AGA IN ACTION
Joining efforts to address animal welfare for a responsible development of the livestock sector
FAO provides a platform for a global, multi-stakeholder approach to enhance animal welfare
Animals enrich our lives as companion animals, they help to plough the fields and to transport harvests to market, they provide essential nutrients through dairy, meat and eggs as, well as other products such as wool and leather. Their welfare is essential, but animal welfare benefits translate also into higher profits, food security and improved human health.
In economic terms, safeguarding animal welfare translates also into profit for many players involved in animal production across the spectrum, from large-scale industry to the poorest farmers in developing countries. When animals are lost during transport, or their meat is rejected because they’ve suffered injuries or mistreatment in the way they are raised, handled or slaughtered, there are direct repercussions in terms of productivity and price across the food chain. Animals that are kept in unhealthy environments or are stressed are more prone to become ill, or less efficient in transforming feed into weight gain.
Since the ‘80s a great number of studies have quantified the economic returns of animal welfare: for example, appropriate handling of cattle and swine before slaughtering can result in higher carcass yields, higher quality of carcasses and cuts and in greater profitability in the production and packing sectors. Proper handling of animals can cut bruises in half at the meat plant and reduced the amount of meat that gets condemned for that reason. Improved productivity accompanying more appropriate animal handling could occur in the form of 20% higher daily gains, improved feed efficiency and greater margins of profit in the livestock production sector. Feedlot managers have found that reducing electric prod usage in feedlots and increasing quiet handling helps cattle to go back on feed more quickly and reduces death loss due to respiratory sickness.
Abuse to welfare in animals translates to the loss of high quality, nutritious products that affect food security and the needs for children’s cognitive growth, and micronutrients during pregnancy and post maternity health for women.
For this many reason, animal welfare has come to be regarded as a global common good, ever more so for the food security of around 1 billion poor farmers who depend on livestock food and income.
FAO has an important role to play as an increasing number of countries demand animal welfare be safeguarded. The Organization gives priorities to an approach to animal welfare that leads to benefits for both producers and their animals and addresses animal welfare not as a stand-alone issue, but as one among other many socially important goals.
For FAO, animal welfare is an integral part to programmes that improve animal health, increase livestock production, and respond to natural disasters where animals are involved; it is recognized as a core component of a responsible livestock sector.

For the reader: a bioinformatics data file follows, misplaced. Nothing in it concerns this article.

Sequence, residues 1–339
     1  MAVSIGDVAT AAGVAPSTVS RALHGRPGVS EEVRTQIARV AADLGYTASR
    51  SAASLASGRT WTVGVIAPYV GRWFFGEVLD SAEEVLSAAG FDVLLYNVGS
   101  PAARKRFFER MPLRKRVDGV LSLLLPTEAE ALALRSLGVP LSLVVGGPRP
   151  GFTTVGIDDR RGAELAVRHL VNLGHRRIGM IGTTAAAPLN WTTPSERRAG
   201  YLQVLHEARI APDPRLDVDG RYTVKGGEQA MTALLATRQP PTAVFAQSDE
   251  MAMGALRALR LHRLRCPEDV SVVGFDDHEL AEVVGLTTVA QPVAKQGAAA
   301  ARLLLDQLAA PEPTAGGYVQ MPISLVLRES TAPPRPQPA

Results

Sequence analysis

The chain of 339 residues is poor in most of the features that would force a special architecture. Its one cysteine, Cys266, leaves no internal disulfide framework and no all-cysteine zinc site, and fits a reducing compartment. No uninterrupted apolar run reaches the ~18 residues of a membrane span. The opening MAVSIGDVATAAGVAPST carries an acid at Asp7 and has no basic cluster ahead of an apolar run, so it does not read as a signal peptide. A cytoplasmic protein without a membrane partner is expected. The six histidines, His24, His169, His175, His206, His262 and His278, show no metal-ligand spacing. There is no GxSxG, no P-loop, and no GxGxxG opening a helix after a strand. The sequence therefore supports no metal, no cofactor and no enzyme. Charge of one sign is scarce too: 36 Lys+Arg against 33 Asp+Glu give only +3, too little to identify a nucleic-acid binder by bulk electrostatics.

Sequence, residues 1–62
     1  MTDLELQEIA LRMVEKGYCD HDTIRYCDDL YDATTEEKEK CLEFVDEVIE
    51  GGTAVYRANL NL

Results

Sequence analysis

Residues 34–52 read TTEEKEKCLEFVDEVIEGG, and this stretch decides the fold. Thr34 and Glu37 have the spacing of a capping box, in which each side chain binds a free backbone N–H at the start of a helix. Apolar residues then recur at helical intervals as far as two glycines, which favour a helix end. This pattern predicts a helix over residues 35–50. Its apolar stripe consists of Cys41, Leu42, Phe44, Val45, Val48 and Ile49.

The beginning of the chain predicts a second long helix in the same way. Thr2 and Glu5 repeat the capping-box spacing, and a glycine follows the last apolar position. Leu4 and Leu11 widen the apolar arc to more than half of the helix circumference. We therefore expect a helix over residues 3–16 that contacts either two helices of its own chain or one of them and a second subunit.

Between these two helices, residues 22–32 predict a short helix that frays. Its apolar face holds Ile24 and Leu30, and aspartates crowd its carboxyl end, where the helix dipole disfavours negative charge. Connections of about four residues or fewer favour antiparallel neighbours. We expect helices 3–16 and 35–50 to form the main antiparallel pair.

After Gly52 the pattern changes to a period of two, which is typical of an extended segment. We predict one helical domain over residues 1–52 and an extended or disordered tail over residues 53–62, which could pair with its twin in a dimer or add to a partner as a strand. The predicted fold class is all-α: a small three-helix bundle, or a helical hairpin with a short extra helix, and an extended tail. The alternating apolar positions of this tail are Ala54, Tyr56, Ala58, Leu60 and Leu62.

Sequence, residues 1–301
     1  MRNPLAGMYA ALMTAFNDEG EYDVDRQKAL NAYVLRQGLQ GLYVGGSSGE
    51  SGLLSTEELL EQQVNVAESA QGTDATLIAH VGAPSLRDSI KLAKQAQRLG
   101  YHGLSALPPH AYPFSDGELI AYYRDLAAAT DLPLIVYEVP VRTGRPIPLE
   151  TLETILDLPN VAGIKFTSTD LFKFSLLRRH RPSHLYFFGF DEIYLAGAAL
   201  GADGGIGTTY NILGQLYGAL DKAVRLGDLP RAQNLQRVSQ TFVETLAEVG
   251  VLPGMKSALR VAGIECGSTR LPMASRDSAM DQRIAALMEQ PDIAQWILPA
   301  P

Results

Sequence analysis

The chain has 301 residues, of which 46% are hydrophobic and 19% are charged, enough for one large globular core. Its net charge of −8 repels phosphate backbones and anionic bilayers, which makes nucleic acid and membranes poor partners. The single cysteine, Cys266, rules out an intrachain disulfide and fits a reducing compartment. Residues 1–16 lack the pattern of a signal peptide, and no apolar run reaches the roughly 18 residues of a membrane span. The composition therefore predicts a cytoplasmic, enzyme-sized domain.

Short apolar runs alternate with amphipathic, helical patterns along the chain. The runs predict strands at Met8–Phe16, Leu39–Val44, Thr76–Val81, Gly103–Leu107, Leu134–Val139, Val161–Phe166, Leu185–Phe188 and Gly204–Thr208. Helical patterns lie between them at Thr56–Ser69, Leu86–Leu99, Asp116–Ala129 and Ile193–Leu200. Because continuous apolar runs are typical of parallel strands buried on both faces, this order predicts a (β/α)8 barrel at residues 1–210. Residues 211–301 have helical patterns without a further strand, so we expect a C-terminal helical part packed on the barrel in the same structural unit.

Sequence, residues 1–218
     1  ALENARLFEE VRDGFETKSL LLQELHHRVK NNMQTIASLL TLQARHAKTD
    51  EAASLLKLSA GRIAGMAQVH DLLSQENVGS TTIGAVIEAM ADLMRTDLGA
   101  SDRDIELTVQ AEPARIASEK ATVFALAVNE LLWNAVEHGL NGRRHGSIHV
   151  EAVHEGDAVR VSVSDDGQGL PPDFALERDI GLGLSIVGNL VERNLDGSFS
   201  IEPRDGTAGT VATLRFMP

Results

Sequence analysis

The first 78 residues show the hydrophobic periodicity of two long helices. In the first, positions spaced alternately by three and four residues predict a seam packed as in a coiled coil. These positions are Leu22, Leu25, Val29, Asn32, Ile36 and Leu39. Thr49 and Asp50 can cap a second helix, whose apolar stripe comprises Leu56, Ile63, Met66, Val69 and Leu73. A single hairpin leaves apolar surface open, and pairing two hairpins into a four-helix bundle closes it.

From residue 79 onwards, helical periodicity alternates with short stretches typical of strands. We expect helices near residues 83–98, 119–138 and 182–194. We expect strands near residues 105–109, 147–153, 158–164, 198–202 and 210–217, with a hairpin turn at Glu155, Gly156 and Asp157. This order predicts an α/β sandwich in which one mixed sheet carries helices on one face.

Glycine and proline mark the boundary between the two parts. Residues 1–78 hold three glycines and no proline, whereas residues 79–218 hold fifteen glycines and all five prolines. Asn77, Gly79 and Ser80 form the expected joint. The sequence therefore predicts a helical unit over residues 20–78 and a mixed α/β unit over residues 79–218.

However, animal welfare is a complex and multi-faceted issue that calls for all involved parties (governmental institutions, private sector, civil society, intergovernmental organizations and academic and research centres) to join forces.
FAO recently convened the First Global Multi-stakeholder Forum on Animal Welfare, with participants representing the food industry, farmers, the civil society, inter-governmental organizations, governmental authorities and the academia, reflecting the growing conviction that animal welfare is an issue of widespread interest. The Forum was organized with the support of the European Economic and Social Committee and the European Commission. The meeting was a stocktaking experience convened to share and scale-up best ideas, practices and innovative solutions to the complex animal welfare challenges. It provided a comprehensive overview on activities addressing animal welfare and on the variety of stakeholders providing them.
The Forum was attended by over 250 participants from 35 countries (including Canada, USA, Brazil, Chile, Uruguay, Suriname, almost all EU ones, Norway, Switzerland, Turkey, Israel, South Africa, Kenya, the Gambia, China, Mongolia, Malaysia, India, Australia and New Zealand). It included a wide range of speakers, representing governmental institutions (e.g. Norwegian, Australian, Israelian, and Surinamese authorities); private sector representatives like the USA National Milk Producers Federation (NMPF), the Animal Transport Association (ATA), the International Wool and Textile Organization (IWTO) and GLOBALG.A.P.; civil society organizations like the World Society for the Protection of Animals (WSPA), the Royal Society for the Prevention of Cruelty Against Animals (RSPCA), Animals' Angels, the Africa Network for Animal Welfare (ANAW), the Pan African Animal Welfare Alliance (PAAW), etc.; academic, research training centres; professional organizations and inter-governmental agencies.
The meeting gathered a plethora of interesting experiences and modalities of partnership to enhance animal welfare, but also showed the constraints faced by all stakeholders. There was a clear commitment of all stakeholders to participate in the process to enhance animal welfare in the context of a responsible and sustainable development of the livestock sector.
FAO, as an honest broker, will continue to facilitate the joint, multi-stakeholder approach through specific activities to enhance partnerships that will take into account similar existing initiatives and scale up successful experiences to provide a platform to develop a global, common, road-map for animal welfare.